Low viscosity flowable composites are usually applied to a cavity using a syringe and a needle of small diameter. When used as an intermediate liner in Class I or II cavities or for restoring small cavities, application of the composite through a syringe results in superior adaptation to the cavity wall due to the material’s flow and adhesive capacity. On the other hand, when restoring vertically oriented cavities such as Class V or III cavities, a low viscous material with excessive flow can, as a result of its own weight, flow down to the gingival area resulting in a marginal overhang or end up in an undesired position. In these cases, a material would be needed that possesses adequate slumping resistance and will not flow easily after being applied to the cavity .
There have been many studies on the rheological properties related to the handling characteristics of resin composites. Opdam et al. and Tyas et al. compared the relative consistency of various posterior composites using a simple press method and a penetrating method, respectively. Bayne et al. also used the simple press method to compare flowable composites with universal hybrid composites, and reported that the viscosity of the different flowable composites varied greatly. However, these studies only compared relative consistency among composites, and no information is available on the absolute viscosity values of the materials. Lee et al. and Beun et al. , using a dynamic oscillatory shear test, reported that considerable differences existed in the viscoelastic properties between flowable, universal hybrid, and packable composites; there were great differences in the absolute value and ratios of viscosity and elasticity, even for materials that were nominally labeled as being in the same category of composite. The three types of composites all displayed pseudoplasticity, in which the viscosity decreased with increasing shear rate.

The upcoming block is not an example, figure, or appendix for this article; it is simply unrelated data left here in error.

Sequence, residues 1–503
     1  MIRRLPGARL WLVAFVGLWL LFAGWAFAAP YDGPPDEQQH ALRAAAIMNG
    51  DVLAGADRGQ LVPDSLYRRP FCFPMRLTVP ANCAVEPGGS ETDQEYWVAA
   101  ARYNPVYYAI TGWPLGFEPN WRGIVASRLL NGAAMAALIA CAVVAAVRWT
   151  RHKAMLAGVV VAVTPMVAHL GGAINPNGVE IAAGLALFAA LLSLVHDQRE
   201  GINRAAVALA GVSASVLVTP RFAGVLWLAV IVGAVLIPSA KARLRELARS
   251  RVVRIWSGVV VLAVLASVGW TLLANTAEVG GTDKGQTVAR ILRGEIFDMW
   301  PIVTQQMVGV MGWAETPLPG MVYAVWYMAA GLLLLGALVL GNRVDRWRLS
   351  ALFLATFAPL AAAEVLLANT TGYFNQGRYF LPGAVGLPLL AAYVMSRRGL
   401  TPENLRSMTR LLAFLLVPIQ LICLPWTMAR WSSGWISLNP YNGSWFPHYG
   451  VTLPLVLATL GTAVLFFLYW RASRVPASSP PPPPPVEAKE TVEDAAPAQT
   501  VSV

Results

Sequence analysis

The most important handling characteristics of flowable composites are easy flow, owing to their low viscosity, and slumping tendency after application. When extruded through a syringe needle for adequate adaptation to the cavity wall, it is beneficial for the material’s viscosity to decrease and flow easily; following application onto the tooth surface, it is necessary for the material to no longer flow and retain the shape immediately after being applied. Therefore, viscosity change from shearing during extrusion and the slumping tendency after placement are very important factors that exert a considerable effect on the handling properties of flowable composites.
Lee et al. devised an imprint method using an aluminum mold and the slumping resistance index (SRI) to evaluate the slumping tendencies of universal hybrid composites. They reported that the composites showed considerably different SRI values between brands even though they were of the same type of composites produced by the same manufacturer, and that a close relationship existed between the slumping resistance and the viscous modulus of the composite paste. However, no current studies exist that compare the quantitative slumping resistance of flowable composites.
The aim of this study was to present a method for measuring the slumping tendency of flowable composites and to investigate the related rheological properties. It was expected that the slumping tendency would be inversely correlated with the viscosity of the flowable composites.